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Anja Stulz

Anja Stulz

Interaction of drugs and biomolecules with lipid membranes

Principal investigator: Prof. Dr. Heiko Heerklotz

Institute of Pharmaceutical Sciences
Pharmaceutical Technology and Biopharmacy
Hermann-Herder-Str. 9
79104 Freiburg

Phone: +49 (0) 761-203-4902


The lipid matrix is the principal barrier for transmembrane transport of drugs, biomolecules, and other active agents, and the medium for their diffusion to their targets within the membrane. Nevertheless, the effects of lipids are often neglected when drug effects are studied. Biophysical interaction studies with model membranes can help us to understand the mechanism of action of membrane-active agents and the critical role of lipids in the transport of drugs and other biomolecules. Better understanding of mechanisms by which drugs may cross or bind to biological membranes could play an important role in developing new drug molecules or efficient drug delivery systems.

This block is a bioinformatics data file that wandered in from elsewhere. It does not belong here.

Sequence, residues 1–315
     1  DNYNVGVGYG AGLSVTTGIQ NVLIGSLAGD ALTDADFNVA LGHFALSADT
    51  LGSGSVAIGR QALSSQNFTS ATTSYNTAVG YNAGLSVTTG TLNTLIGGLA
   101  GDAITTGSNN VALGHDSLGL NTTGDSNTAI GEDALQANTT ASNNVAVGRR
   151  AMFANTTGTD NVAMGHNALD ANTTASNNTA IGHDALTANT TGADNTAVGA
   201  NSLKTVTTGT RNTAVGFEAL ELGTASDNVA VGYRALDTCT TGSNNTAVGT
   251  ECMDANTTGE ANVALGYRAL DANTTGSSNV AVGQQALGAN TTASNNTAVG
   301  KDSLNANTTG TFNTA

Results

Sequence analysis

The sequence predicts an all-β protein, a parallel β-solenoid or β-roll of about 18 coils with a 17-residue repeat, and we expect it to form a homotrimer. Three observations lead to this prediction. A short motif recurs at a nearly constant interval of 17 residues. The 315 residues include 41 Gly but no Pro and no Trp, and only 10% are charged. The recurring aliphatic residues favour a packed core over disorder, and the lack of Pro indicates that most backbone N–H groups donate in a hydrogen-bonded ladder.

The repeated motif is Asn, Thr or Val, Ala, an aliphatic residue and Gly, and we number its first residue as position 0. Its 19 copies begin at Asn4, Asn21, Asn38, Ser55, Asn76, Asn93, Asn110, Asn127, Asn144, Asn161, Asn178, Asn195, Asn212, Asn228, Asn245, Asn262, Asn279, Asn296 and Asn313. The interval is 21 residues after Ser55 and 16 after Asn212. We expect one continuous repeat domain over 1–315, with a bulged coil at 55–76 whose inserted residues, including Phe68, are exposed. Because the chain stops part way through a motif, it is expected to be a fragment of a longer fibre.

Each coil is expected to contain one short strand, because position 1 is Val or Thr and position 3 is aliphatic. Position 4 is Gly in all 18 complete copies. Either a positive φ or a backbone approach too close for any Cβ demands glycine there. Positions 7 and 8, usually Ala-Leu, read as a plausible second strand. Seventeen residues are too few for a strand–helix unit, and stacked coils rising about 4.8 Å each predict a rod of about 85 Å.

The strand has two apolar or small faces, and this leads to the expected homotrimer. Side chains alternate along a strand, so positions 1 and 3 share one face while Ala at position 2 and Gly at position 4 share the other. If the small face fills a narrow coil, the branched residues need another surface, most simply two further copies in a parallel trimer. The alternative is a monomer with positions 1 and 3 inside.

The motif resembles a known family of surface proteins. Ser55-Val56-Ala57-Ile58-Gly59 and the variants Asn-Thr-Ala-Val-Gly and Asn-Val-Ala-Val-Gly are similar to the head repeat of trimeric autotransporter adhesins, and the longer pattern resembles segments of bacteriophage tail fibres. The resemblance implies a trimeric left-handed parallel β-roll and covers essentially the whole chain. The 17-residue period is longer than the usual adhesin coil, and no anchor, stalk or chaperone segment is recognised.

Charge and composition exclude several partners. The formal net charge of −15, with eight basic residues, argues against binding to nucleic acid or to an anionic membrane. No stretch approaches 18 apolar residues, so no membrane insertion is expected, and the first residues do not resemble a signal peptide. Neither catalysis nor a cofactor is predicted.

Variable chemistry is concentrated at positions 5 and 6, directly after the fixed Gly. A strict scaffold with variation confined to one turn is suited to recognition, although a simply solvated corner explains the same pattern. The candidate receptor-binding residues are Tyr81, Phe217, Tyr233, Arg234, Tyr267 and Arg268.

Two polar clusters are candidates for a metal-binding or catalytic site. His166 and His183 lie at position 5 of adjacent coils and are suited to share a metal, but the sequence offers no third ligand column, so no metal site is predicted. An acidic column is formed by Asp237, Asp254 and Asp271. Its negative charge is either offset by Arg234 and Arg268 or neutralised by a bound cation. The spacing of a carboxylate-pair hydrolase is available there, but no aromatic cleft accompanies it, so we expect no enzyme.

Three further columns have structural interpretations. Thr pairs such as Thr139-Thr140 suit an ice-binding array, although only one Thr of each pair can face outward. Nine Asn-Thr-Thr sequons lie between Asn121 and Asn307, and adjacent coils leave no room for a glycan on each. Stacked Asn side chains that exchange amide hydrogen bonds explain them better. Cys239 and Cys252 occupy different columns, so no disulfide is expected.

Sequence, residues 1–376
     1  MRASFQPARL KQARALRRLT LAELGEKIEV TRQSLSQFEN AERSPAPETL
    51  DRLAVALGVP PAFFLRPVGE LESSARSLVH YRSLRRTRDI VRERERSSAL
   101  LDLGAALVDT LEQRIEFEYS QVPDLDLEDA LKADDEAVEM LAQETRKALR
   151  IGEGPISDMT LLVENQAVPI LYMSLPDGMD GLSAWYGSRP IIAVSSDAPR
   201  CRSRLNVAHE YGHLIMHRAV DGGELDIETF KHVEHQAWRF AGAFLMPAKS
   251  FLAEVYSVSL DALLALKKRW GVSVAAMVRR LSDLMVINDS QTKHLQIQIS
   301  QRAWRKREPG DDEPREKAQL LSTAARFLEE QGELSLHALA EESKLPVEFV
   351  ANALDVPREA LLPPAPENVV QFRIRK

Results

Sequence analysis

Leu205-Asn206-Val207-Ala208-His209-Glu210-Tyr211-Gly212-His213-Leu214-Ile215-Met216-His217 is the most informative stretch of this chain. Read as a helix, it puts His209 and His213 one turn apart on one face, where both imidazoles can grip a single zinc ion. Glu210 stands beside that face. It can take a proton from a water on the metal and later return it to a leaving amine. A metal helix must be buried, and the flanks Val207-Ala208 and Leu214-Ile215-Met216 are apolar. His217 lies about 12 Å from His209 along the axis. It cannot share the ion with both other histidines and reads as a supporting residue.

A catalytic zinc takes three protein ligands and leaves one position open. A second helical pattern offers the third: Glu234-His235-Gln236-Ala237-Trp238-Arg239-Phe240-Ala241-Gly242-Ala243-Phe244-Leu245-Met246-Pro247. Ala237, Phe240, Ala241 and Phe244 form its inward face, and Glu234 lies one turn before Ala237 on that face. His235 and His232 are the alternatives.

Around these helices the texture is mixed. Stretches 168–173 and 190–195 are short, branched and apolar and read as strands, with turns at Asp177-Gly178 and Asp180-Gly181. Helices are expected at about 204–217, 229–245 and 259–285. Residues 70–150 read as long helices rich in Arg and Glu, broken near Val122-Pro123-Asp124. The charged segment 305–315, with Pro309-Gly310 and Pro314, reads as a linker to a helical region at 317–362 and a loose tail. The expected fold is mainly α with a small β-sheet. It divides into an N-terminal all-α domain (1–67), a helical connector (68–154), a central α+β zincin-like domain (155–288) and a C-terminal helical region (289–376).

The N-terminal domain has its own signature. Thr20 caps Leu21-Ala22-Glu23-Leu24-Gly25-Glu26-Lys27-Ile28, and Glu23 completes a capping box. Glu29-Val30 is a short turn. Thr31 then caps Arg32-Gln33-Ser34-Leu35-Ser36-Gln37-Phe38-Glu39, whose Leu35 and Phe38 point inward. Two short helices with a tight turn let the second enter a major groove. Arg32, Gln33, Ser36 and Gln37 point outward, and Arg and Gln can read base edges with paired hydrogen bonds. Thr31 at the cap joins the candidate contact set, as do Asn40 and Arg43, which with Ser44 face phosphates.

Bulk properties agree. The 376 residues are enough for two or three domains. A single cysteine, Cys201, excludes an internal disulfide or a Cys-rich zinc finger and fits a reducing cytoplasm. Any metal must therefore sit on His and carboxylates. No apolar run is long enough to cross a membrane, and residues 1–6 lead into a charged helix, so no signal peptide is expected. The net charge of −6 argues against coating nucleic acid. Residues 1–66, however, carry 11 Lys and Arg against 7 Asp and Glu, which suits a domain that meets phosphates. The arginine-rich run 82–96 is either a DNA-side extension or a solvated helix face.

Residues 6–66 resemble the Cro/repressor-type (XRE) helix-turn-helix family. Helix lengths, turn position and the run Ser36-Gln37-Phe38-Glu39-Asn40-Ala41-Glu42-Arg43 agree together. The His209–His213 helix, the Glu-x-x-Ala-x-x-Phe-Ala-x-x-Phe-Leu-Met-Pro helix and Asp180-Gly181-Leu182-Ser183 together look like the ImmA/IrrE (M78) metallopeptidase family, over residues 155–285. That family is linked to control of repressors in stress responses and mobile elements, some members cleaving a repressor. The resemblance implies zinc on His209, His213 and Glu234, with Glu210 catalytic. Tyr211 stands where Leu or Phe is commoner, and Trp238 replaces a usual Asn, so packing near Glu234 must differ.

One specific objective is the elucidation of membrane-permeabilizing effects of antimicrobial polymers (synthetic mimics of antimicrobial peptides, SMAMPs) which offer a promising alternative to classical antibiotics. Common to antimicrobial peptides and polymers is the ability to cluster lipids through lipid selection and recruitment from a mixed membrane. The positively charged polymers efficiently cluster negatively charged lipids via electrostatic interactions and induce leakage in lipid vesicles by transient defects. We aim to understand the role of the lipid composition in lipid clustering. Systematic variation of the host lipid will reveal which discrepancy between clustered and matrix lipid is responsible for vesicle leakage.


Artificial membrane systems (liposomes, monolayer), Microcalorimetry,Time-resolved fluorescence spectroscopy, Dynamic light scattering, Zeta potential measurements, Asymmetric Flow-Field-Flow-Fractionation